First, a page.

1. Another great essay. I so relate to this: “A five-mile run is nothing heroic, and that’s okay. I don’t need to be a hero. I’m healed now, healed from so many things, including this sick sense that I have to accomplish anything to earn the title of being lovable.”

  2. Just be human and real and safe, too. I especially like that safe part, but people really seem to dig human and real…so keep doing that, too! Love you!!

  3. The right post at the right time, and beautifully written. It feels like a gift, so I’ll say thank you: Thank you.

  4. I’m so glad TTK shared this! Your blogs don’t end up showing in my inbox OR my reader, although I follow it, and I’d have missed this one altogether. Yes, yes, yes, and . . . I’m glad I didn’t wait until tomorrow to read this, because it’ll be beautiful food for thought to which to fall asleep.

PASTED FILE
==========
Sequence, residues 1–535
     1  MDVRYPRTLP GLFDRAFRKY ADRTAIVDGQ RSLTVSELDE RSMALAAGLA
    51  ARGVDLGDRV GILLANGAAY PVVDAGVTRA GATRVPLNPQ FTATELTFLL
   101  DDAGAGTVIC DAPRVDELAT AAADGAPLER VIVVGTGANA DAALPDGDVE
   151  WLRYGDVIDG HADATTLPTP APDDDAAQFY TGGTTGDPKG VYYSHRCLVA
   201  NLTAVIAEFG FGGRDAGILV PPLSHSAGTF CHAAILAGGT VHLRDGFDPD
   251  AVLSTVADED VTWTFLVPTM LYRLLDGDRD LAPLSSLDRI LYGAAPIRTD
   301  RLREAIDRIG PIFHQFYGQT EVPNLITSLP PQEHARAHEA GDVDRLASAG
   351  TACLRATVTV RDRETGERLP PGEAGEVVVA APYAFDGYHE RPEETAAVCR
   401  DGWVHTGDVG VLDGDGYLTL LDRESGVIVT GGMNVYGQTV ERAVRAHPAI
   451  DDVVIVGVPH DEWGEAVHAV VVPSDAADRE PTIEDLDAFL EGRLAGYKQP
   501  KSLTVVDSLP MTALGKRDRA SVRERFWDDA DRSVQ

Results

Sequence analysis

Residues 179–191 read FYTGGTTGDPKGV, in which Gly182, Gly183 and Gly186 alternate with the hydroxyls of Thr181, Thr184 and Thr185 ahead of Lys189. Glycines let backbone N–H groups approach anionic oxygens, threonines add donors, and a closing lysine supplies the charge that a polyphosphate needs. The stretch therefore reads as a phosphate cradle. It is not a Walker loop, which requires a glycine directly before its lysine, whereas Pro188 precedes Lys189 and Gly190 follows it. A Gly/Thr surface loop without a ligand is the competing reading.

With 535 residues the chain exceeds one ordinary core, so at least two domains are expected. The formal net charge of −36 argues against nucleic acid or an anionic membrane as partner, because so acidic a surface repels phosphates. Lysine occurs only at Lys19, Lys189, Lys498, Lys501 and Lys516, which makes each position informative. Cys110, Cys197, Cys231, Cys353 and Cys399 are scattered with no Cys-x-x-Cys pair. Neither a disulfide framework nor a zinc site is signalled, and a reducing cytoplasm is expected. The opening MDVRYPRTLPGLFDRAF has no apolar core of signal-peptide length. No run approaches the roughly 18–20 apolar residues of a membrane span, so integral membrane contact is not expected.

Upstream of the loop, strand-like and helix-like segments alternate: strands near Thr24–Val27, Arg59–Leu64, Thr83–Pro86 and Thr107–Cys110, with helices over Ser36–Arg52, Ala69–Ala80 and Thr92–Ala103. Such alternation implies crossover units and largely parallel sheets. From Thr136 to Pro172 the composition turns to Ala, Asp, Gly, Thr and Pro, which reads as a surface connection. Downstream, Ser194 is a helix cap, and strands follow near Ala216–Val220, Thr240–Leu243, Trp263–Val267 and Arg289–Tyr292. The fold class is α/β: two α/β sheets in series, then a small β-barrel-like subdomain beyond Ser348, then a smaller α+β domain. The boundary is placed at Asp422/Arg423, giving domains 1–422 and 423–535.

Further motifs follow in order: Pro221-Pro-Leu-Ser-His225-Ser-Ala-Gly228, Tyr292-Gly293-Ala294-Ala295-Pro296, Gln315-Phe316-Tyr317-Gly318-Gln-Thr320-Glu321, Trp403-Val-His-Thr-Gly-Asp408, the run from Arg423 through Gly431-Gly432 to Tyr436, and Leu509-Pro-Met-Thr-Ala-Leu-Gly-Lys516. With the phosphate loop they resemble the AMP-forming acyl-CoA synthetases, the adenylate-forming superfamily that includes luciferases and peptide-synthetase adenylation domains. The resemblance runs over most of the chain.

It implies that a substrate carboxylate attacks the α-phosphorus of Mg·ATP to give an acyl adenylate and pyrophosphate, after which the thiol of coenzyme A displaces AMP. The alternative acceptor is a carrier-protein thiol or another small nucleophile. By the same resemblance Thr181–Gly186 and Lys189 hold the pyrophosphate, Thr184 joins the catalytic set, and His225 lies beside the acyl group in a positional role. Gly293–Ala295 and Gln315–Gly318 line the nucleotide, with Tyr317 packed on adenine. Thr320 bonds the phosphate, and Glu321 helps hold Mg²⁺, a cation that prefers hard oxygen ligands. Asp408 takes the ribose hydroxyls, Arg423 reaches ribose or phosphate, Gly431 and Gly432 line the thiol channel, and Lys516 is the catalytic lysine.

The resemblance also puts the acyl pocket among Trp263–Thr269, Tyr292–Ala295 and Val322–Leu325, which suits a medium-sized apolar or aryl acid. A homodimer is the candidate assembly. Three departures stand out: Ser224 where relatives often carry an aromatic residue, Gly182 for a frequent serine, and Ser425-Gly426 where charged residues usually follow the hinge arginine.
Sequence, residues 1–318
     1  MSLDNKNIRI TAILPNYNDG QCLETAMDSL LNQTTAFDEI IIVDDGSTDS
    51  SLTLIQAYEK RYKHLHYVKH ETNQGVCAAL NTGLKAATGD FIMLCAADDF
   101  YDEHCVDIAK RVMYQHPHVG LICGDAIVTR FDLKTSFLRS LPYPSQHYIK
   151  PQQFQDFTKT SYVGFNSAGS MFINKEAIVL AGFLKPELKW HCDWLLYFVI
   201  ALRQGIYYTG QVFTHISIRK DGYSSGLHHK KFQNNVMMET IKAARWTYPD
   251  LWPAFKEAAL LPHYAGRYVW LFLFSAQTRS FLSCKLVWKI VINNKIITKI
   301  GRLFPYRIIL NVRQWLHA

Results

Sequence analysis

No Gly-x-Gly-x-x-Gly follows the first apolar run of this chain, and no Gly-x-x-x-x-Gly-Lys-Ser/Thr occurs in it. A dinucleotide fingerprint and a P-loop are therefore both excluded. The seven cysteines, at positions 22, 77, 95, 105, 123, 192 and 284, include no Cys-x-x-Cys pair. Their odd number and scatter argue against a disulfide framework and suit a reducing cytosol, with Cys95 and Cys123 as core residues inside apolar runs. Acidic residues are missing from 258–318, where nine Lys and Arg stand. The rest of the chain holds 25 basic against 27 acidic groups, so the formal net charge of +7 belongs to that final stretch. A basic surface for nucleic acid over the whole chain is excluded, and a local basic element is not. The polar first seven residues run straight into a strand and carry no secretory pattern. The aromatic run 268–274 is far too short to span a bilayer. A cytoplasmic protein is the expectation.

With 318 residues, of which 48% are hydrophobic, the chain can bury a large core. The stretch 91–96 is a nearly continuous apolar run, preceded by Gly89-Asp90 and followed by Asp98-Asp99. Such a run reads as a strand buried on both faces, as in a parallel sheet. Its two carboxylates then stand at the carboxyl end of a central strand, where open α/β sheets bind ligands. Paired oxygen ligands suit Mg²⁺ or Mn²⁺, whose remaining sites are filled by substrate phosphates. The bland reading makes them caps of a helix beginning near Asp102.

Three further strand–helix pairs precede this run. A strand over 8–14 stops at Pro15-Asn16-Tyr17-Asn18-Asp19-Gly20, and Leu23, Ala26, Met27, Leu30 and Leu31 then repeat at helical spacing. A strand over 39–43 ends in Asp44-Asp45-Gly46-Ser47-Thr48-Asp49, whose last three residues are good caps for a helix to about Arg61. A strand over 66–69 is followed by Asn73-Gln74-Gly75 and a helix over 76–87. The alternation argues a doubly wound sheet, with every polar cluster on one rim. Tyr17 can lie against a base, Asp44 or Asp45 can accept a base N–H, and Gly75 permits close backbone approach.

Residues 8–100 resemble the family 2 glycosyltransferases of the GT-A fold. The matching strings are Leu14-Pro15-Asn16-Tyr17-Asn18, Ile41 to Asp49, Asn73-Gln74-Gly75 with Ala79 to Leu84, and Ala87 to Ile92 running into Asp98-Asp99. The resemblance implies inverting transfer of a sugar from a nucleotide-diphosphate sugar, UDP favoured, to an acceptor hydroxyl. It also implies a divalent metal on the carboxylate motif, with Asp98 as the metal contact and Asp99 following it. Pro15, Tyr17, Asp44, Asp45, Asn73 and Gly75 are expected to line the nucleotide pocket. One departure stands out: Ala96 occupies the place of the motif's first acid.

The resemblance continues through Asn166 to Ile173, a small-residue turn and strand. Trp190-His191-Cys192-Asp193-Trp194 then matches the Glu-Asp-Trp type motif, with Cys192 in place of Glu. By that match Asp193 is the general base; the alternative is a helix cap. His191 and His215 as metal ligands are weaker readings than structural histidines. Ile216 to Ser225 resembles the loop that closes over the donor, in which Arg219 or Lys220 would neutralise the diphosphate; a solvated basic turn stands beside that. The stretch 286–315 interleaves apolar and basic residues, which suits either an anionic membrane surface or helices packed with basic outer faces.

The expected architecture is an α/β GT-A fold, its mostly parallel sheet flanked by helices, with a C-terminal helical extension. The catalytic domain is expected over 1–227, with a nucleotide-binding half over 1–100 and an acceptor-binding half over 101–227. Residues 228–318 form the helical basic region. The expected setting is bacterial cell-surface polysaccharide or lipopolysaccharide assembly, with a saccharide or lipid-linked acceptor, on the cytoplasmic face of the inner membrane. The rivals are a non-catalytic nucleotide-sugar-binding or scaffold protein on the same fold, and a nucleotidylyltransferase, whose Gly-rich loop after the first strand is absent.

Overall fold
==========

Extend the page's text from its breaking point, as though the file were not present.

5. You are a hero and much loved. Five miles or no miles, you are a hero for showing up and gifting yourself to the rest of us. For me? You are a hero for going to WalMart which I can’t survive.

    I love you

  6. Isn’t it a relief, actually? I remember early in sobriety cherishing the idea that I didn’t have to be eternally unique anymore. I could just be “one of many” and that was wonderful. All of a sudden a great sense of pressure came off my shoulders and working on staying steady rather than being better, best, or even different became the key to sanity. It’s easy to still allow the feeling of pressure to creep back in, especially if I get caught up in comparing myself to others, but eventually I crawl back into the comfortable arms of knowing it isn’t necessary, and as you said, God loves me for me. Wonderful post! Thanks, El. XOXO-Kasey

    • Yes, yes, you hit the nail on the head Kasey!! To be one of many and for that to actually be okay–yes!! And it is really easy for the sense of pressure to creep back in, but it is also getting easier to see that creep and let it go. And yes, God loves us!! xoxo

  7. Ooops. From my perspective five miles does indeed make you a hero. And given the mountains you have climbed it seems right and proper that I consider you a hero. Have a wonderful day.